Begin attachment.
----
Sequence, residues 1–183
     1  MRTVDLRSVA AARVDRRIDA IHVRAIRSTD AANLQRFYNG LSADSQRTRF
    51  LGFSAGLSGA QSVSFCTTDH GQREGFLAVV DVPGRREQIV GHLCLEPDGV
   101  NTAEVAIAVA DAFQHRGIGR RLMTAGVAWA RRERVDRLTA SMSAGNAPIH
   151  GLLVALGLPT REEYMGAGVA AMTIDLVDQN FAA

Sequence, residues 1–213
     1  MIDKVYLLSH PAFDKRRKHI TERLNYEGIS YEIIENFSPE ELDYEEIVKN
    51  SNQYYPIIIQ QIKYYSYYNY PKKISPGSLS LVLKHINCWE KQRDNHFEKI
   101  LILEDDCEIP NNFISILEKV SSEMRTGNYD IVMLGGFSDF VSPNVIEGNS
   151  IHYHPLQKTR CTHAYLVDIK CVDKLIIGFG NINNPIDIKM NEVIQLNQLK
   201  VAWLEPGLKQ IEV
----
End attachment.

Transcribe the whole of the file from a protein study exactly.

Sequence, residues 1–183
     1  MRTVDLRSVA AARVDRRIDA IHVRAIRSTD AANLQRFYNG LSADSQRTRF
    51  LGFSAGLSGA QSVSFCTTDH GQREGFLAVV DVPGRREQIV GHLCLEPDGV
   101  NTAEVAIAVA DAFQHRGIGR RLMTAGVAWA RRERVDRLTA SMSAGNAPIH
   151  GLLVALGLPT REEYMGAGVA AMTIDLVDQN FAA

Sequence, residues 1–213
     1  MIDKVYLLSH PAFDKRRKHI TERLNYEGIS YEIIENFSPE ELDYEEIVKN
    51  SNQYYPIIIQ QIKYYSYYNY PKKISPGSLS LVLKHINCWE KQRDNHFEKI
   101  LILEDDCEIP NNFISILEKV SSEMRTGNYD IVMLGGFSDF VSPNVIEGNS
   151  IHYHPLQKTR CTHAYLVDIK CVDKLIIGFG NINNPIDIKM NEVIQLNQLK
   201  VAWLEPGLKQ IEV